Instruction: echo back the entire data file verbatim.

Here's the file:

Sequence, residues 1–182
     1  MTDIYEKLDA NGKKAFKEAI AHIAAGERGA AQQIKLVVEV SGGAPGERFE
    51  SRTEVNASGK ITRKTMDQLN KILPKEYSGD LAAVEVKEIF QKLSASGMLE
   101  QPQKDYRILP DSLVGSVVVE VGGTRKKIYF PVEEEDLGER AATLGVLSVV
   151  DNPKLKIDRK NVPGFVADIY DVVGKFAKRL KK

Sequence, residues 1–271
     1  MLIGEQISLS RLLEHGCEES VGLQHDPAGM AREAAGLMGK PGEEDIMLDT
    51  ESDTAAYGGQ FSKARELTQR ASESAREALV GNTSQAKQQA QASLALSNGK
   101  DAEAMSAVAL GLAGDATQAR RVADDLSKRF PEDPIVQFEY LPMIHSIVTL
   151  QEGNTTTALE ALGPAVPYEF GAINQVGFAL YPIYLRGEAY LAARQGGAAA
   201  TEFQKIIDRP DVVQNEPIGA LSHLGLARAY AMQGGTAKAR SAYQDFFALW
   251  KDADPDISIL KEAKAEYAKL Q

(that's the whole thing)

Sequence, residues 1–182
     1  MTDIYEKLDA NGKKAFKEAI AHIAAGERGA AQQIKLVVEV SGGAPGERFE
    51  SRTEVNASGK ITRKTMDQLN KILPKEYSGD LAAVEVKEIF QKLSASGMLE
   101  QPQKDYRILP DSLVGSVVVE VGGTRKKIYF PVEEEDLGER AATLGVLSVV
   151  DNPKLKIDRK NVPGFVADIY DVVGKFAKRL KK

Sequence, residues 1–271
     1  MLIGEQISLS RLLEHGCEES VGLQHDPAGM AREAAGLMGK PGEEDIMLDT
    51  ESDTAAYGGQ FSKARELTQR ASESAREALV GNTSQAKQQA QASLALSNGK
   101  DAEAMSAVAL GLAGDATQAR RVADDLSKRF PEDPIVQFEY LPMIHSIVTL
   151  QEGNTTTALE ALGPAVPYEF GAINQVGFAL YPIYLRGEAY LAARQGGAAA
   201  TEFQKIIDRP DVVQNEPIGA LSHLGLARAY AMQGGTAKAR SAYQDFFALW
   251  KDADPDISIL KEAKAEYAKL Q